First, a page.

NTI President Joan Rohlfing calls on Congress to pass legislation to ratify two key nuclear security treaties in a new op-ed for The Hill's Congress Blog.
Shultz, Perry, Kissinger and Nunn called for urgent attention on the nuclear threat and outlined key areas for President Obama and world leaders to address.
Speakers at the Munich Security Conference paid tribute to former Senators Sam Nunn and Richard Lugar on Saturday, February 2 at the Munich Security Conference.
Dalfsen, The Netherlands
The Vienna-based World Institute for Nuclear Security elected NTI's Corey Hinderstein to its Board of Directors.
The report offers no conclusions or recommendations, but instead describes "some of the prerequisites for thinking about the use of military force against Iran."
The panel brought together 200 leaders and representatives of the nuclear industry to discuss the role of the private sector in meeting nuclear security objectives.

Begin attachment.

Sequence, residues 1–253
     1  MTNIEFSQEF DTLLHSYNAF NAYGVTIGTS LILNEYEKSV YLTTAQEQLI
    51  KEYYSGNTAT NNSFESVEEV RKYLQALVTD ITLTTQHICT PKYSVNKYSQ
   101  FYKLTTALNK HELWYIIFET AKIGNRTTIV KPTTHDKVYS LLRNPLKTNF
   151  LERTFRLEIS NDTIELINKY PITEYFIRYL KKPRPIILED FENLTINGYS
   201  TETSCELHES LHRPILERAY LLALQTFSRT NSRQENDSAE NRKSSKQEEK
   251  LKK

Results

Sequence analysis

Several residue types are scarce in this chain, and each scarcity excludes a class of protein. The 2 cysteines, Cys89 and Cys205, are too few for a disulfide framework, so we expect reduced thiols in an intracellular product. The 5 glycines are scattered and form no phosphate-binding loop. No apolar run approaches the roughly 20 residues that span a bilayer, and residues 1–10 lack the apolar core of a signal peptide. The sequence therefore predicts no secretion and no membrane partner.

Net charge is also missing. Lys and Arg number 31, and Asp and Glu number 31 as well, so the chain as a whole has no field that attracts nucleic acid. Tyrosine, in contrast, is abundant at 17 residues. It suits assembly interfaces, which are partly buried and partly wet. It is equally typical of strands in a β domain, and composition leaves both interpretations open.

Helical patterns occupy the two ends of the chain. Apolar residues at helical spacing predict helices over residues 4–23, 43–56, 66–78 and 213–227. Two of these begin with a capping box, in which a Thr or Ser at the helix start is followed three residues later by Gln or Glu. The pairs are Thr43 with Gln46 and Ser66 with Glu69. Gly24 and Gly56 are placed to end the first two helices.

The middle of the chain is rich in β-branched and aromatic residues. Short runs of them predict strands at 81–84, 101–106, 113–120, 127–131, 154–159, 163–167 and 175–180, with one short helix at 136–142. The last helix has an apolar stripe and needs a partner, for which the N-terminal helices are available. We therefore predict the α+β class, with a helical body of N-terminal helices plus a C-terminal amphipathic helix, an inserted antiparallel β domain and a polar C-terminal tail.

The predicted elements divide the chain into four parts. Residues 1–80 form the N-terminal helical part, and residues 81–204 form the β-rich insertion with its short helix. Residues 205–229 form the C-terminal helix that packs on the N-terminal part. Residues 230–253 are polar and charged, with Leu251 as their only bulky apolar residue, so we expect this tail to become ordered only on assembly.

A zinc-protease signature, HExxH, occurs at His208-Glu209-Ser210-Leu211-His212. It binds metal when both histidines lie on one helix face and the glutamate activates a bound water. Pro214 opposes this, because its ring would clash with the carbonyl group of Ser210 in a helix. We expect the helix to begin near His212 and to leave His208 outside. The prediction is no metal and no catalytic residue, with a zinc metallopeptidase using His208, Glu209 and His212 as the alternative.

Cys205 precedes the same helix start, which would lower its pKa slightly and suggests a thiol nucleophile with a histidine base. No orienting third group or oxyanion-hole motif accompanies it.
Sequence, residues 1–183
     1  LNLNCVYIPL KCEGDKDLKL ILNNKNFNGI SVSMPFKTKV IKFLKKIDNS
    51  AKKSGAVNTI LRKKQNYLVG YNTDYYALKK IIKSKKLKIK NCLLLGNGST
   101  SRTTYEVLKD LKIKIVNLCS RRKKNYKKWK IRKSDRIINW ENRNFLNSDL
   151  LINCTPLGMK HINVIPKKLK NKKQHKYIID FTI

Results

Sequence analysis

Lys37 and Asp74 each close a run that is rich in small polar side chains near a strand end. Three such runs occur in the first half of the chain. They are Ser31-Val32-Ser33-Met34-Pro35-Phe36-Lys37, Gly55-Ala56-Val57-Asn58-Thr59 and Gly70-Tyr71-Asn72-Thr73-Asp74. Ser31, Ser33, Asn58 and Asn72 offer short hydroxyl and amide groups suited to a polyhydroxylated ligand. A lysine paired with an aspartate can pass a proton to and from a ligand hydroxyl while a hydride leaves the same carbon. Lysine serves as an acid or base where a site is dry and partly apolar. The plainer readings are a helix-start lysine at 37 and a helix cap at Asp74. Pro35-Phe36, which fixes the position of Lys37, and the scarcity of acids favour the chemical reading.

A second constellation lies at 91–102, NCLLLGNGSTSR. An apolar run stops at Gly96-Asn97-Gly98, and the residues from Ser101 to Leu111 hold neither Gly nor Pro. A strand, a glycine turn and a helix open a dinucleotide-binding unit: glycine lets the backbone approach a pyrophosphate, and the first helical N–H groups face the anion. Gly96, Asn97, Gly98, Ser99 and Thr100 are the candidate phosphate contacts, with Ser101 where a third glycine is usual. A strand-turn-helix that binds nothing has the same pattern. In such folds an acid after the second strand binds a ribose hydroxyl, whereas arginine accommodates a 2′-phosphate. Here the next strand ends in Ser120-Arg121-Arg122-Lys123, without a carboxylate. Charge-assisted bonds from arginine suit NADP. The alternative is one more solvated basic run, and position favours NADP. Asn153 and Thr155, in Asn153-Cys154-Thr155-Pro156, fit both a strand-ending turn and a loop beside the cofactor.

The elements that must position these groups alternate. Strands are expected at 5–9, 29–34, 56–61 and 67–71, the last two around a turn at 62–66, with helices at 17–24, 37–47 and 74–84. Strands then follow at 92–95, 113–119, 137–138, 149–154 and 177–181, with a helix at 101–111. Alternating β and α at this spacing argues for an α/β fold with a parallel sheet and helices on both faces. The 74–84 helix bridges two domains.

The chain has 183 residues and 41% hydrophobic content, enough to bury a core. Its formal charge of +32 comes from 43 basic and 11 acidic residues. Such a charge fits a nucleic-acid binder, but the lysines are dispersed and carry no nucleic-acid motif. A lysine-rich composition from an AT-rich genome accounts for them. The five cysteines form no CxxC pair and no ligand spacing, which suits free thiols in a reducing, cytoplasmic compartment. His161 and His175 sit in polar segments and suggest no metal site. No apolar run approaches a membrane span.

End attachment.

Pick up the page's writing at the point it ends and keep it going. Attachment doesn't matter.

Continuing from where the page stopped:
NTI Vice President Corey Hinderstein joined Stephen Rademaker, Joe Cirincione, and Yochi Dreazen on the Diane Rehm Show to discuss the 2012 Nuclear Security Summit in Seoul.
NTI's Sam Nunn celebrates the engagement of heads of state in Seoul as essential for making progress on nuclear security, applauding the South Korean hosts.
NTI staff and partners offer an array of resources including reports, briefs, and testimony on nuclear materials security prior to the Seoul summit.
NTI believes that nuclear terrorism remains the greatest threat to global security and welcomes the Summit to address this threat as a global challenge.
NTI recommends world leaders in Seoul take steps to set priorities for nuclear materials security by discussing what's effective and what makes a difference.
Stephen Schwartz offers a historical perspective on the nuclear weapons budget, proposing solutions to issues created around the lack of budget transparency.
Offering a clear analysis of the danger of nuclear terrorism and how it can be prevented, the book sheds light on the most divisive security issues facing Washington to-date.
Sam Nunn argues for changing the status quo regarding tactical nuclear weapons in Europe, proposing ten steps for NATO to consider at its May conference in Chicago.